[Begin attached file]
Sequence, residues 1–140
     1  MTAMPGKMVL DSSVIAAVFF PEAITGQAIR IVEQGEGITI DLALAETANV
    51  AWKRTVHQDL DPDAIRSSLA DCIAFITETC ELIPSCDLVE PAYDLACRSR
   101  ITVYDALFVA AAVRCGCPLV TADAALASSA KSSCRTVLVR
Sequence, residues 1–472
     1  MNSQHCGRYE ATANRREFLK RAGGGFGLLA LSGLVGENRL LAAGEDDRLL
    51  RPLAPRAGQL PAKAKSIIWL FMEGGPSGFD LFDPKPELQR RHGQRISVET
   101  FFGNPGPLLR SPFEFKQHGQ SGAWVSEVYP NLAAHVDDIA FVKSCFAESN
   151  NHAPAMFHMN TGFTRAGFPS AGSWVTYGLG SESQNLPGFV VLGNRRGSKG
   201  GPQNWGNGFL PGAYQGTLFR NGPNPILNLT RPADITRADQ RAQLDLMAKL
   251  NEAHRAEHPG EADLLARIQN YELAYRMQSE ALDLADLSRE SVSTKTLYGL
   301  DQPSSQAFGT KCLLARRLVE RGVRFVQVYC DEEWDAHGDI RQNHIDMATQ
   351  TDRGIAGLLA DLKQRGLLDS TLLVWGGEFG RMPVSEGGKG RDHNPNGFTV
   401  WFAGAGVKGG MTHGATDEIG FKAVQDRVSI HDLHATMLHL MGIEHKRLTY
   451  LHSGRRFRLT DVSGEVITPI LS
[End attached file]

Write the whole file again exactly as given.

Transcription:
Sequence, residues 1–140
     1  MTAMPGKMVL DSSVIAAVFF PEAITGQAIR IVEQGEGITI DLALAETANV
    51  AWKRTVHQDL DPDAIRSSLA DCIAFITETC ELIPSCDLVE PAYDLACRSR
   101  ITVYDALFVA AAVRCGCPLV TADAALASSA KSSCRTVLVR
Sequence, residues 1–472
     1  MNSQHCGRYE ATANRREFLK RAGGGFGLLA LSGLVGENRL LAAGEDDRLL
    51  RPLAPRAGQL PAKAKSIIWL FMEGGPSGFD LFDPKPELQR RHGQRISVET
   101  FFGNPGPLLR SPFEFKQHGQ SGAWVSEVYP NLAAHVDDIA FVKSCFAESN
   151  NHAPAMFHMN TGFTRAGFPS AGSWVTYGLG SESQNLPGFV VLGNRRGSKG
   201  GPQNWGNGFL PGAYQGTLFR NGPNPILNLT RPADITRADQ RAQLDLMAKL
   251  NEAHRAEHPG EADLLARIQN YELAYRMQSE ALDLADLSRE SVSTKTLYGL
   301  DQPSSQAFGT KCLLARRLVE RGVRFVQVYC DEEWDAHGDI RQNHIDMATQ
   351  TDRGIAGLLA DLKQRGLLDS TLLVWGGEFG RMPVSEGGKG RDHNPNGFTV
   401  WFAGAGVKGG MTHGATDEIG FKAVQDRVSI HDLHATMLHL MGIEHKRLTY
   451  LHSGRRFRLT DVSGEVITPI LS